FDA Issues Warning Letters to 4 Companies Claiming Their Cannabidiol Product Can Treat Cancer

James Radke

Pharmaceutical grade cannabidiol (CBD) is showing great promise in helping children with a variety of rare conditions manage their seizures. One company, GW Pharmaceuticals, currently has their pharmaceutical grade CBD under review by the U.S. Food and Drug Administration (FDA) to manage seizures in children with Dravet and Lennox-Gastaut syndromes and the data looks very promising.
Pure CBD is extracted from cannabis (marijuana) and is free of the psychoactive properties that make cannabis a popular product.  And while controlling seizure activity is at the forefront of the CBD studies currently underway, other studies are testing pharmaceutical grade CBD to treat other conditions such as bipolar depression, anxiety, post-traumatic stress disorder, multiple sclerosis, Parkinson’s disease, and schizophrenia.  

Unfortunately, there are many companies not involved in those clinical studies claiming that their cannabidiol containing products can treat or cure a variety of medical ailments, including cancer. 

Yesterday, the FDA issued warning letters to 4 companies illegally selling products online that claim to prevent, diagnose, treat, or cure cancer without evidence to support these outcomes.

The companies are:
According to the FDA, the companies are using phrases such as the following to entice medically ill people to buy their product:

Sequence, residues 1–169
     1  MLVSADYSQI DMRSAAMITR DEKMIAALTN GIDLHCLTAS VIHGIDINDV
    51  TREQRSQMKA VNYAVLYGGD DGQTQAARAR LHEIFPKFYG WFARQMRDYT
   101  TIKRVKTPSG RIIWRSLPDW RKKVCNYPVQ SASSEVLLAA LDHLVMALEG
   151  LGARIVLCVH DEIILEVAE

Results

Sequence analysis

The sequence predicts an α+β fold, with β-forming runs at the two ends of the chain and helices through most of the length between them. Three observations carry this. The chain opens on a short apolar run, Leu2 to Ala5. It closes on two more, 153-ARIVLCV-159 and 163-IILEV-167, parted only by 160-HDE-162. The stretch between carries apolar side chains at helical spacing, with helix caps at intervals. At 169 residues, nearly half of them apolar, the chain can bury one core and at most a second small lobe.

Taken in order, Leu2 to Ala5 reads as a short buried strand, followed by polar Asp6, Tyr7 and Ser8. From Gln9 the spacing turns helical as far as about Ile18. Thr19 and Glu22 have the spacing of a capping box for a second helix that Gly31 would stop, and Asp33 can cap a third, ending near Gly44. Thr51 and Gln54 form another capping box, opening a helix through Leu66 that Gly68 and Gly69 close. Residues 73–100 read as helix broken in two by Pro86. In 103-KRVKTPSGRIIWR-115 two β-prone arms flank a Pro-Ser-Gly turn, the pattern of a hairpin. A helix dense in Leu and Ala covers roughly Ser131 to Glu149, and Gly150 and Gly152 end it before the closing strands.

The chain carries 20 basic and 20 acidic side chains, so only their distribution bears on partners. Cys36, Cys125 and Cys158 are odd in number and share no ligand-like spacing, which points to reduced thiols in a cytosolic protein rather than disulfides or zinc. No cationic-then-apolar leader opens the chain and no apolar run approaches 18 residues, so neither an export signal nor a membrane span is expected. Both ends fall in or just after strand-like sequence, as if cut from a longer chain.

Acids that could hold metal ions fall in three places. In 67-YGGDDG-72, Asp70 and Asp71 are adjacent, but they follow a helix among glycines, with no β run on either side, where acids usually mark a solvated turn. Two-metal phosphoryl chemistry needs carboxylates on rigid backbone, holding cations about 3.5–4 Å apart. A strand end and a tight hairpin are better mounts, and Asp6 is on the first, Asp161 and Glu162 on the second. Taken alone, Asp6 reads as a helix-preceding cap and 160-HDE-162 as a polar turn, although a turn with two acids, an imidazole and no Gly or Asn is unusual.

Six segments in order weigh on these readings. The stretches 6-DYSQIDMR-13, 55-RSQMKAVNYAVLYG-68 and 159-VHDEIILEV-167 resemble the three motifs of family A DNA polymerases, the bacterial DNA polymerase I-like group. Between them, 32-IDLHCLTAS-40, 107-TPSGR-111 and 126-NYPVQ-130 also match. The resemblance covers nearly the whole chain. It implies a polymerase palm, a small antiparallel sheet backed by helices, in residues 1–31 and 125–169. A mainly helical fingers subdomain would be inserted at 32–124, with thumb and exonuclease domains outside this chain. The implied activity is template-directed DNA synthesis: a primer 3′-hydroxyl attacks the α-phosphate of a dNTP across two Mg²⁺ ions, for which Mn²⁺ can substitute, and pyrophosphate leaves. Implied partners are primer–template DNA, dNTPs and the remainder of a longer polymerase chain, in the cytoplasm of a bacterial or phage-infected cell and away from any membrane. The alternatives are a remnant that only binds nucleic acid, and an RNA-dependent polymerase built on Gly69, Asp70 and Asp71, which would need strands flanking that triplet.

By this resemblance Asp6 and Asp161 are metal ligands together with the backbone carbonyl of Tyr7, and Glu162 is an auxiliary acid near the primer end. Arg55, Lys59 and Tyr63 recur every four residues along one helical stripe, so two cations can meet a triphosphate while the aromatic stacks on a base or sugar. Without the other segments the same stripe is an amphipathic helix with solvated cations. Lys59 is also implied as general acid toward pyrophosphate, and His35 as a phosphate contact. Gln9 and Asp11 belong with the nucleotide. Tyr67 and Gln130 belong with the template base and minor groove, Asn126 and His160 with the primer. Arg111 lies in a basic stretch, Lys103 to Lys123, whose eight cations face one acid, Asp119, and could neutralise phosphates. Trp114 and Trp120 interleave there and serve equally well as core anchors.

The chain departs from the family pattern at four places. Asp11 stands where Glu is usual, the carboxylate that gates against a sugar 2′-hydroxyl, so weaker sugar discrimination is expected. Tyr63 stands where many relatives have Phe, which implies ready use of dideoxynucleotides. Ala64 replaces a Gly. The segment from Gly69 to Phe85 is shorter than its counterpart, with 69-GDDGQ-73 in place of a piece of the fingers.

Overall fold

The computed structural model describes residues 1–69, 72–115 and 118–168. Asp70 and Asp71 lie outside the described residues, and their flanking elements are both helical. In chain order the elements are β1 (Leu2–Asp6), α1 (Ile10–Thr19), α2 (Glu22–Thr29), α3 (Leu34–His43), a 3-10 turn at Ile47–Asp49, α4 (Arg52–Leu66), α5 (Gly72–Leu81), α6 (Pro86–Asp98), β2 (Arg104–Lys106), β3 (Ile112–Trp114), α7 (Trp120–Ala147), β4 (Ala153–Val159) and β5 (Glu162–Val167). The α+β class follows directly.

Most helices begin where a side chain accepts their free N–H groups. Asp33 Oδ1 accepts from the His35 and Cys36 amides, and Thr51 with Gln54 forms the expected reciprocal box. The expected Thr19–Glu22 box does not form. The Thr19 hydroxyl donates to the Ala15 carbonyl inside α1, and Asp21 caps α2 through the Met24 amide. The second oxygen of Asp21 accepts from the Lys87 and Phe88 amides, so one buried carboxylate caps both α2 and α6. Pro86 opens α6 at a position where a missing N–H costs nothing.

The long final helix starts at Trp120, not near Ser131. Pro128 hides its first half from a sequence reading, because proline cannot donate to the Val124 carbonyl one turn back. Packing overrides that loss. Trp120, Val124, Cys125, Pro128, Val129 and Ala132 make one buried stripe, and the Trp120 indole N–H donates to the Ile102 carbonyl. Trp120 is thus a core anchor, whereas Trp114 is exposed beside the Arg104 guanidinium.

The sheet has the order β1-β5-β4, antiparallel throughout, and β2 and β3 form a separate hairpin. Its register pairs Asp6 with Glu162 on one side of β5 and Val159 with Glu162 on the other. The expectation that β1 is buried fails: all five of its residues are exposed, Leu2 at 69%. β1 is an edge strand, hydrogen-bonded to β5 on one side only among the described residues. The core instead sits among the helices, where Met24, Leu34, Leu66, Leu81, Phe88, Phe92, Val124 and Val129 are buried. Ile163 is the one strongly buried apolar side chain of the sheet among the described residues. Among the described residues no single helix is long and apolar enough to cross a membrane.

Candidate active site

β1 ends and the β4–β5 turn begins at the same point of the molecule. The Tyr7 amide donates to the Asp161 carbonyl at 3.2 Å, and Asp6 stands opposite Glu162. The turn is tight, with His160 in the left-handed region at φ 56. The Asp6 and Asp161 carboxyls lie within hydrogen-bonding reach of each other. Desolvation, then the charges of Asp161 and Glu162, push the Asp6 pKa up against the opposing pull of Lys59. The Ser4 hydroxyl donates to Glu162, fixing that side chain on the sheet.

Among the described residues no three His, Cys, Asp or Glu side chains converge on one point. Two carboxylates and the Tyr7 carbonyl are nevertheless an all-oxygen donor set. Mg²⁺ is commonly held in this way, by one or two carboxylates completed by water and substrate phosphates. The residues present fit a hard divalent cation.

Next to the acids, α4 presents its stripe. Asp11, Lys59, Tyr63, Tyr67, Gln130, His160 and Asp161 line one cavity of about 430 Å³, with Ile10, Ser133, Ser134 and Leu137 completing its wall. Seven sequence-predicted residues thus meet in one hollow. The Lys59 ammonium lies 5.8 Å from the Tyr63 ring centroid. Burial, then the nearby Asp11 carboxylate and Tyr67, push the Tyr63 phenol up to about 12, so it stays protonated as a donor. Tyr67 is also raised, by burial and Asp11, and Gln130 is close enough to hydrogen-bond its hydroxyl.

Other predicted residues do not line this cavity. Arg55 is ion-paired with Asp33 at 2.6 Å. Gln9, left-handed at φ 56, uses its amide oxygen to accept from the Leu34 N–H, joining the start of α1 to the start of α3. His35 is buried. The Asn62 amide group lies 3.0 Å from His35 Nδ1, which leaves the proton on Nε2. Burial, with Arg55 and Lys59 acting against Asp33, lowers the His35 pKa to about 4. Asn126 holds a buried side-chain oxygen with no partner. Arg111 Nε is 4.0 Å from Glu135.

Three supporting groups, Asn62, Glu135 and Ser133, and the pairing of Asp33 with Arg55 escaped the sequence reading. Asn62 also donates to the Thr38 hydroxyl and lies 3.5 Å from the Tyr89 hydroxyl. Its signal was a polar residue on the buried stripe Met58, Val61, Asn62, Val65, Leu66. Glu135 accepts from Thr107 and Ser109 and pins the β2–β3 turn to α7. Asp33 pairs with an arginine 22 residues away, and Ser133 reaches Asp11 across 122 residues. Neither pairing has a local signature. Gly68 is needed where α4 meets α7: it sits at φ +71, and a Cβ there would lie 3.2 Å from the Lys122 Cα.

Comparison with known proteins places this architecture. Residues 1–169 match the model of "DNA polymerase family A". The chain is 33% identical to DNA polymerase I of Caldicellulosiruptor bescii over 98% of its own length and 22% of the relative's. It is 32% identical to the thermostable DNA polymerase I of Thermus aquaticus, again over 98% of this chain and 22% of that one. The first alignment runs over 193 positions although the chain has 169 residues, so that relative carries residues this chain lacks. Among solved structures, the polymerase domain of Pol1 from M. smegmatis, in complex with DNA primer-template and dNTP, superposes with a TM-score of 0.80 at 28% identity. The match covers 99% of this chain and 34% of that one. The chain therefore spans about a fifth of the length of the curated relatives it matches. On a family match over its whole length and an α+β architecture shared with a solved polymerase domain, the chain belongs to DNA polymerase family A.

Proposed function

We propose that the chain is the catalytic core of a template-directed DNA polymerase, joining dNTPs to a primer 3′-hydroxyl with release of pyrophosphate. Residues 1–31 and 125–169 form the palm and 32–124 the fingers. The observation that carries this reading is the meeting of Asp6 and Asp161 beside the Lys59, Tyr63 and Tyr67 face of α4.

Per the FDA:  “Substances that contain components of marijuana will be treated like any other products that make unproven claims to shrink cancer tumors. We don’t let companies market products that deliberately prey on sick people with baseless claims that their substance can shrink or cure cancer and we’re not going to look the other way on enforcing these principles when it comes to marijuana-containing products,” said FDA Commissioner Scott Gottlieb, M.D. “There are a growing number of effective therapies for many cancers. When people are allowed to illegally market agents that deliver no established benefit they may steer patients away from products that have proven, anti-tumor effects that could extend lives.”

While cannabis and cannabidiol hold great promise as therapeutic agents for a number of conditions, any therapeutic value those products may have can only be tested through properly designed clinical trials that can be reviewed by regulatory agencies.

Commissioner Gottlieb noted, “We recognize that there’s interest in developing therapies from marijuana and its components, but the safest way for this to occur is through the drug approval process – not through unsubstantiated claims made on a website.”

Image courtesy wikimedia commons.

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